By Veronique de Rugy @ National Review (September 26, 2012)

Who remembers President Obama’s first budget? I do. It was called “A New Era of Responsibility.” Back then, the president promised that he would cut the deficit to $912 billion in 2011 and to $581 billion by 2012. But that’s another of the president’s promises that never come to pass. As Fiscal Year 2012 nears to an end, the data shows that the deficit for 2012 will surpass a trillion dollars for the fourth straight year in a row.

But according to the president, he has almost no responsibility in this sad state of affairs. In fact, he claims that “90 percent” of the deficit is due to President Bush’s policy:

‘Over the last four years, the deficit has gone up, but 90 percent of that is as a consequence of two wars that weren’t paid for, as a consequence of tax cuts that weren’t paid for, a prescription drug plan that was not paid for, and then the worst economic crisis since the Great Depression.’

That’s a remarkably bold statement considering that President Obama has been in office for four years, and that he has engaged in seriously expansive policies of his own. I am always happy to remind conservatives about the incredible fiscal irresponsibility that reigned during the Bush years, but for Obama to claim that he shares almost no responsibility (10 percent, to be precise) in this fourth trillion-dollar deficit is ridiculous.

In fact, Washington Post’s Glenn Kessler looked at the claim this morning and concludes that the president deserves four Pinocchios for it. Using data from my colleague Chuck Blahous, he breaks down the numbers for us:


  • Economic/technical differences: $570 billion (46 percent)
  • Bush policies: $330 billion (27 percent)
  • Obama policies: $325 billion (27 percent)


  • Economic/technical: $815 billion (51 percent)
  • Bush: $225 billion (14 percent)
  • Obama: $565 billion (35 percent)


  • Economic/technical: $720 billion (46 percent)
  • Bush: $160 billion (10 percent)
  • Obama: $685 billion (44 percent)

Now Obama’s solution for cutting the deficit is simple: Blame the deficit on the Bush tax cuts and raise taxes on the rich. While we can commend the president for his persistence in repeating the same thing over and over again, it doesn’t make it true and it certainly won’t fill our budget gaps.

It is simply incorrect to blame the deficit mostly on tax cuts. In fact, a few weeks ago, the CBO released a report that looks into the cause of the disappearing surpluses at the end of the 1990s and show that half of the blame goes to increased spending. Here is a chart:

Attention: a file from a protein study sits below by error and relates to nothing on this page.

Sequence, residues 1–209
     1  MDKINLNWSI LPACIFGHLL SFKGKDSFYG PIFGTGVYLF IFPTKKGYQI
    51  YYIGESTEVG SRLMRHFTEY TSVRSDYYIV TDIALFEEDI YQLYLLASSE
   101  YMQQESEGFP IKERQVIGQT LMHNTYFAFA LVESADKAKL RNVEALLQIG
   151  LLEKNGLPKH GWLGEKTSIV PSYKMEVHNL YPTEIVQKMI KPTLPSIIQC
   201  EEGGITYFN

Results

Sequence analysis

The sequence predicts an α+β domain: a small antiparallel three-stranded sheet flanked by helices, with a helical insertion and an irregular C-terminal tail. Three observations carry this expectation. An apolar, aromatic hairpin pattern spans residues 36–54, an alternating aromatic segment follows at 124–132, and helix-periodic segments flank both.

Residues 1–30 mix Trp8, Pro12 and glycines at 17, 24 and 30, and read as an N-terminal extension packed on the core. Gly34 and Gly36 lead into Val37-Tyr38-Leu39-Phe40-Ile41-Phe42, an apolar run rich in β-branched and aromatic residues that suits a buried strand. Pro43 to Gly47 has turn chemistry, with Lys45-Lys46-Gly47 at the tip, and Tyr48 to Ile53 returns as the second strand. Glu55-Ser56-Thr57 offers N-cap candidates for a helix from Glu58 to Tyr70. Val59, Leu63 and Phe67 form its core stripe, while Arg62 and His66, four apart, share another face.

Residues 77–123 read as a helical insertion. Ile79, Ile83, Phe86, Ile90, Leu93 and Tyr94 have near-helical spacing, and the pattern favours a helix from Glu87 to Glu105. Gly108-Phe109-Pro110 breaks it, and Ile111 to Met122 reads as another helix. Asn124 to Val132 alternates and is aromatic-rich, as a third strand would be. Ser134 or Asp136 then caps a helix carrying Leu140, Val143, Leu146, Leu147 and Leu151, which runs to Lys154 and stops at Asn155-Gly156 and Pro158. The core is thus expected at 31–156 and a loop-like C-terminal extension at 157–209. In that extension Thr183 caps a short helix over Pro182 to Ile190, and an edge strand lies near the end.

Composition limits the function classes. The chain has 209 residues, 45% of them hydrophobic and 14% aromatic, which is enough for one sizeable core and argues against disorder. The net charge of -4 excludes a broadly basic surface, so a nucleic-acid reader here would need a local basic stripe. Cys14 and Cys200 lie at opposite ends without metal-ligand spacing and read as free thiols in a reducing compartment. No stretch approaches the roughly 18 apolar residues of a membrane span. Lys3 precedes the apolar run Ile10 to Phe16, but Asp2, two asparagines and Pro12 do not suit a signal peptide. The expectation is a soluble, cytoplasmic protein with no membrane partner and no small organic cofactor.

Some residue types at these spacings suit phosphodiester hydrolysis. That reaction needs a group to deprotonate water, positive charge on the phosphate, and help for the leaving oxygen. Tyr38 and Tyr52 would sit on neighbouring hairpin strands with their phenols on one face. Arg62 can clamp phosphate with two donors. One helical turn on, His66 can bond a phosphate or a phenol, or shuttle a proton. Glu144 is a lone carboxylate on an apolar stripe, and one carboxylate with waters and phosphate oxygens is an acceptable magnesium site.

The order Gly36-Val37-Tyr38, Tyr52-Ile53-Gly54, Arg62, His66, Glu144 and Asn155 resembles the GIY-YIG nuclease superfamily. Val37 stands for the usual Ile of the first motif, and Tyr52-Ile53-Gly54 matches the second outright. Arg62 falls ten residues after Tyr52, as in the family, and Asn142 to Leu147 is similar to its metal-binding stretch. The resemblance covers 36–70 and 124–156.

As you can see, according to the CBO estimates, tax cuts contributed to 24 percent of the surplus’s disappearance (and some of these tax cuts were extended by Obama). Projection inaccuracy alone contributed even more than tax relief.

It is really unfortunate that President Bush’s 2003 tax cuts were not followed by serious spending cuts. I do believe that well-designed tax cuts have a very positive impact on the economy. However, no tax cuts can compensate for the damage caused by the dramatic increase in spending that we experienced during the Bush years (a 60 percent increase in spending above inflation over eight years, compared to Clinton’s 12.5 percent; two Keynesian stimuli in 2001 and 2008; bailouts; and more.)

And if spending is mainly responsible for our current deficit, it should play a large role in addressing the problem — there aren’t many other ways to go about it. Congress must cut spending and cut it fast. More important, it must reform Medicare, Social Security, and Medicaid, since they are the drivers of our debt crisis. The rule is simple: Reform the entitlements, save the world. Ignore them, and you can count on many more $1 trillion dollar deficits in our future. And please, don’t get fooled by the doomsday predictions that the world will end if sequestration – across-the-board spending cuts — is allowed to go into effect on January 2.

Mitt Romney Just Helped Create 52,000 Jobs

Mitt Romney Just Helped Create 52,000 Jobs

By Kevin D. Williamson @ National Review (September 18, 2012)

Forget every stupid thing you’ve ever heard a politician say about “job creation” — this is what it really looks like. Entrepreneurs have ideas, management teams seek incremental improvements, and investors invest. Sometimes it works out, sometimes it doesn’t. There’s nothing dramatic about it, no great speeches, no grand plan to create 140,000 jobs at a single firm. It just happens. Sometimes a company makes a big bet on a promising firm, like Bain with Staples or Morgan with Kohl’s. Sometimes it is a quiet, conservative bet, like Brookside with Kohl’s. Both are necessary in the marketplace, and that is where the money comes from to make a couple of stores into a national retail powerhouse that sometimes needs an extra 52,000 employees to see it through the busy season. Maybe a part-time job at Kohl’s is not what you’re looking for, but those jobs at Apple and Kinder Morgan are a result of the same process. They sure as hell aren’t the result of politics. In the world of politics, one guy — the president — has an outsized role in everything. In the real world, lots of people play lots of small roles in making big things happen.